A few environmental groups in Copenhagen were considered unwelcome guests for loudly pointing out that the carbon-trading proposals bandied about at the meetings subsidize forest destruction and will lead to large-scale destruction of ecosystems and unprecedented “land grabs.” (Disclosure: my wife is a researcher for one of those groups.) But such claims are correct. More than anything, carbon offsets will allow rich countries to burn ever more fossil fuels under the “clean development mechanism” of the Kyoto Protocol, the system that sets the values, in terms of tons of carbon equivalent, of emission-reduction efforts.
In fact, most of the problems with the system can be traced back to the Kyoto Protocol, which was adopted in 1997. After much political wrangling, the Kyoto delegates decided that there would be no carbon-reduction credits for saving existing forests. Since planting new trees does get one credits, Kyoto actually created a rationale for clear-cutting old growth.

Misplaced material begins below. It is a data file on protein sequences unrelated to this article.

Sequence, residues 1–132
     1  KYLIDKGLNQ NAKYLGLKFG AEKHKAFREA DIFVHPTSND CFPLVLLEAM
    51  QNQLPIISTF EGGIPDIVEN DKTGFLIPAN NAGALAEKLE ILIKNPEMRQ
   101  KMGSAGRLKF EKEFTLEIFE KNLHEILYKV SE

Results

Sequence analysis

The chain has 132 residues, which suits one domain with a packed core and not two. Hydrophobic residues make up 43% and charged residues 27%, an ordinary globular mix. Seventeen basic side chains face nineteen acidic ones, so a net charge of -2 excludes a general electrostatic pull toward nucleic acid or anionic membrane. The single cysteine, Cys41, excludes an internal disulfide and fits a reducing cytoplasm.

This is horrifying. The world’s forests are a key to our survival, and that of millions of other species. Not only are they critical to providing us with building material, paper, food, recreation and oxygen, they also ground us spiritually and connect us to our primal past. Never before in earth’s history have our forests been under such attack. And the global-warming folks at Copenhagen seem oblivious, buying into the corporate view of forests as an exploitable resource.
A forest is an ecosystem. It is not something planted. A forest grows on its own. There are many kinds of forests that will grow practically anywhere, each under its own special local conditions. When a tree falls, the race is on immediately to replace it. In the forests I study, there so many seeds and seedlings that if a square foot of ground space opens up, more than a hundred trees of many different species compete to grow there.